The South African boxing scene currently has world champions at Light Flyweight, Flyweight and Bantamweight. They also have a very interesting Super Flyweight contender in the form of Yanga Sigqibo, who is a relative unknown but is racking up decent wins in the last year or two and is to be considered a genuine contender. Footage of Sigqibo is hard to come by, but wins over Rene Dacquel and Keyvin Lara have seen him pick up minor WBC and WBO titles and shoot up the rankings. It'd be nice to see him travel outside of South Africa for a bout in 2019, allowing him so notable exposure, but for now he seems happy to develop his skills and record at home. He's a bit of a divisional dark horse, but certainly deserves a bit of attention at the moment.
Jonas Sultan (15-4, 9)
Earlier this year we saw Filipino fighter Jonas Sultan challenge Jerwin Ancajas in an IBF title fight. Sultan looked poor in that bout, but is a genuine contender at Super Flyweight despite the loss. He holds notable wins over Brian Lobetania, Rene Dacquel, Makazole Tete and John Riel Casimero. Sultan is a technically solid fighter, but is an uninspiring one, who seems to lack a higher gear and can be a frustrating fighter to watch. He's good but not exciting and certainly needs someone else to force the action so that he can show what he can really do. Interestingly when he is facing more aggressive fighters he does look better, so it could be that he needs to be matched against fighters who can make him look good, rather than expect Sultan to make the fight.
Francisco Rodriguez Jr (29-4-1, 21)
Former unified Minimumweight champion Francisco Rodriguez Jr seems to have been around for years, but is only 25 and is proving himself to be a very credible fighter at Super Flyweight, where he's been fighting the last few years. He naturally outgrew the Minimumweight division, where he beat the likes of Merlito Sabillo and Katsunari Takayama, and never really found success at Light Flyweight, but looks to be a perfect fit at Super Flyweight. His recent bouts at 115lbs have seen him stopping the likes of Hernan Marquez, Yohei Tobe, Pablo Carrilo and Ronald Ramos, and he looks to be a very strong and very powerful fighter at the weight.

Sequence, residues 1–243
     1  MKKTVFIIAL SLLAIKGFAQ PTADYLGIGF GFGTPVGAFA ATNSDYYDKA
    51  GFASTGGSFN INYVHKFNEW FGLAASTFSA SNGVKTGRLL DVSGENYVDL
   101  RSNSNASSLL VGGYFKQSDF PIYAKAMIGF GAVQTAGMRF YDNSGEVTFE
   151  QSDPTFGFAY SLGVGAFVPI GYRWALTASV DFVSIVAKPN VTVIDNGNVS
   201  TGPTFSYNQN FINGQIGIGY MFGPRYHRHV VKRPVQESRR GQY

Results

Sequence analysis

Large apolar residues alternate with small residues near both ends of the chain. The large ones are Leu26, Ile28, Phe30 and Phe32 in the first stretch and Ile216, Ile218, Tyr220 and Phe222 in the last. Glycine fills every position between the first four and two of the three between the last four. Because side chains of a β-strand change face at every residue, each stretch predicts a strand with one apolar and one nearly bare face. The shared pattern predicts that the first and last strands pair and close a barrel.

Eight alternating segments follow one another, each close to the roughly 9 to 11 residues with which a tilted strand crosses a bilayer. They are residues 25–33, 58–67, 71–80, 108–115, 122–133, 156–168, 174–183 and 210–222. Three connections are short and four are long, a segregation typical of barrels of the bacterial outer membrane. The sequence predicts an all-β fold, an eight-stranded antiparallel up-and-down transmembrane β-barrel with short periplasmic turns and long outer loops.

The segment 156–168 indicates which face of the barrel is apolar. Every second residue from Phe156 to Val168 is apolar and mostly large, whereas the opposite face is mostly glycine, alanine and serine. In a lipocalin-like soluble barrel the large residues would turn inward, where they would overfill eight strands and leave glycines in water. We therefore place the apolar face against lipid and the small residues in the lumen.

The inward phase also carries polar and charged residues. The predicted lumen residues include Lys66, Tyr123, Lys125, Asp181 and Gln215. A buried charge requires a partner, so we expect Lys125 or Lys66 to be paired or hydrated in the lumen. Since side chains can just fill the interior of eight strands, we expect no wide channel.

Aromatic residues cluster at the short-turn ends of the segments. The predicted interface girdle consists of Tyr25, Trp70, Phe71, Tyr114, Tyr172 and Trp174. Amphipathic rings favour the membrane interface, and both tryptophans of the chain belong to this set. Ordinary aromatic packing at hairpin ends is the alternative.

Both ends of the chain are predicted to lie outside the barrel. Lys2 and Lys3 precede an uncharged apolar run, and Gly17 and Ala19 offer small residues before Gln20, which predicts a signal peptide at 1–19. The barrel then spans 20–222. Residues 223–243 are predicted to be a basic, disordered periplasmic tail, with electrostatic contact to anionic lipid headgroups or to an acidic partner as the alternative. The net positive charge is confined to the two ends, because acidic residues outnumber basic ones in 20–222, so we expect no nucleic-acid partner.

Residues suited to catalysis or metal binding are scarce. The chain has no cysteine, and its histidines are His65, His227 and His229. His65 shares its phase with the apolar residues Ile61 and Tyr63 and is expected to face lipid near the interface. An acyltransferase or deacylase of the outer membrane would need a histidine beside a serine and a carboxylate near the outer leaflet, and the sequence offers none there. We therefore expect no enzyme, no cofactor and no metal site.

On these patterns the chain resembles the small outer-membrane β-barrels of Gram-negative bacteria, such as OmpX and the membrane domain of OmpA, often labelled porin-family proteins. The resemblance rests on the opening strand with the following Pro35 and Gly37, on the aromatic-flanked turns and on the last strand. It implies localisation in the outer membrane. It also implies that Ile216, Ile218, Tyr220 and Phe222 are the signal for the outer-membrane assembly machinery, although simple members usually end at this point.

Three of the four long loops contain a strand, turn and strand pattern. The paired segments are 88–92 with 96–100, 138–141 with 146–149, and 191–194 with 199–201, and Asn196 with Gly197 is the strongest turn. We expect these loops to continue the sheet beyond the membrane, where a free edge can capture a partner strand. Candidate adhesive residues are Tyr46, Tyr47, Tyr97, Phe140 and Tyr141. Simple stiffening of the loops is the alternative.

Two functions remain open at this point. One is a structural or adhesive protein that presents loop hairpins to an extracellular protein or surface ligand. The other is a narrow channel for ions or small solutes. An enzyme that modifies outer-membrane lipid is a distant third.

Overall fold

Earlier this week we broke the news that Hideyuki Ohashi had finally announced the Flyweight dream fight between WBC Flyweight champion Akira Yaegashi (20-3, 10) and Nicaraguan sensation Roman Gonzalez (39-0, 33). The fight was one we had been talking about most of the year and knew fans from around the world were really interested in. It isn't just a Flyweight title bout but is the lower weight equivalent to Manny Pacquiao Vs Floyd Mayweather Jr. It pits the linear champion against the most destructive fighter in the 112lb division and at the end of the day everyone who knows boxing knows this one will be great, especially with the mentality of both men.
In all honesty we rarely get the best men in any division fighting each other but in this case really we do have 2 of the elite fighting each other and better yet it seems very likely that the winner will be moved on to a fight with Juan Francisco Estrada next year in a bout that really would tie up all 3 of the divisions of the elite fighters.
Despite it being such a major bout it does seem highly unlikely that it will be shown in the US or the UK where a vast majority of our readers are from. In my eyes that's a huge shame and it tells us a lot about the boxing media in those two countries and the way they are both missing out on not just some of the best fighters but also some of the best fights.
I understand that channels in both countries have their reasons for not showing the bout but in some cases the arguments seem to be more like excuses.
Firstly the "time zone" of the bout. We understand that Asian fights are a problem, especially for US TV, due to when they take place however they have been showing some footage of the Bob Arm's cards from Macau on tape delay allowing fans in the states to see the fights "as live" the same day. Sure by then the results are out in the open but it's a step they have shown to be willing to take for fighters like Nonito Donaire. With that in mind I can't see a reason for the channels, especially smaller ones like AWE, ESPN or Boxnation, not to be willing to show the Yageashi/Gonzalez bout on tape delay giving an hour of their time for the bout. Incidentally if the bout finishes early they could then include highlights from the co-feature between Naoya Inoue (6-0, 5) and Samartlek Koietgym (16-4, 5), it's self a world title bout.